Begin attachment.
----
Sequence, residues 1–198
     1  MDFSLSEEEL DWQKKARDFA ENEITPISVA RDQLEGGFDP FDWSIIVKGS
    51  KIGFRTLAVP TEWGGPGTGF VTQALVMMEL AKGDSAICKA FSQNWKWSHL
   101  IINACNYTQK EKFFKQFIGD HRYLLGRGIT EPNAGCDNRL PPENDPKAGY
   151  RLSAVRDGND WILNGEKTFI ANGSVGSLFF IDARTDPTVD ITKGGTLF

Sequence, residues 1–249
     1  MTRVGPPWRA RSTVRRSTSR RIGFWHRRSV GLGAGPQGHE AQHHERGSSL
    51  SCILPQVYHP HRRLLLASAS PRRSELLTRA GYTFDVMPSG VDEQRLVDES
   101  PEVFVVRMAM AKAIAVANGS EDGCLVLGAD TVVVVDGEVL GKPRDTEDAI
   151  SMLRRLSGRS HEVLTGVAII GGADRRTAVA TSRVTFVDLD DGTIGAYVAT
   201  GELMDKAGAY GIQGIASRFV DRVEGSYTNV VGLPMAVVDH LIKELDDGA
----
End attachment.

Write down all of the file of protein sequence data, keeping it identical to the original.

Sequence, residues 1–198
     1  MDFSLSEEEL DWQKKARDFA ENEITPISVA RDQLEGGFDP FDWSIIVKGS
    51  KIGFRTLAVP TEWGGPGTGF VTQALVMMEL AKGDSAICKA FSQNWKWSHL
   101  IINACNYTQK EKFFKQFIGD HRYLLGRGIT EPNAGCDNRL PPENDPKAGY
   151  RLSAVRDGND WILNGEKTFI ANGSVGSLFF IDARTDPTVD ITKGGTLF

Sequence, residues 1–249
     1  MTRVGPPWRA RSTVRRSTSR RIGFWHRRSV GLGAGPQGHE AQHHERGSSL
    51  SCILPQVYHP HRRLLLASAS PRRSELLTRA GYTFDVMPSG VDEQRLVDES
   101  PEVFVVRMAM AKAIAVANGS EDGCLVLGAD TVVVVDGEVL GKPRDTEDAI
   151  SMLRRLSGRS HEVLTGVAII GGADRRTAVA TSRVTFVDLD DGTIGAYVAT
   201  GELMDKAGAY GIQGIASRFV DRVEGSYTNV VGLPMAVVDH LIKELDDGA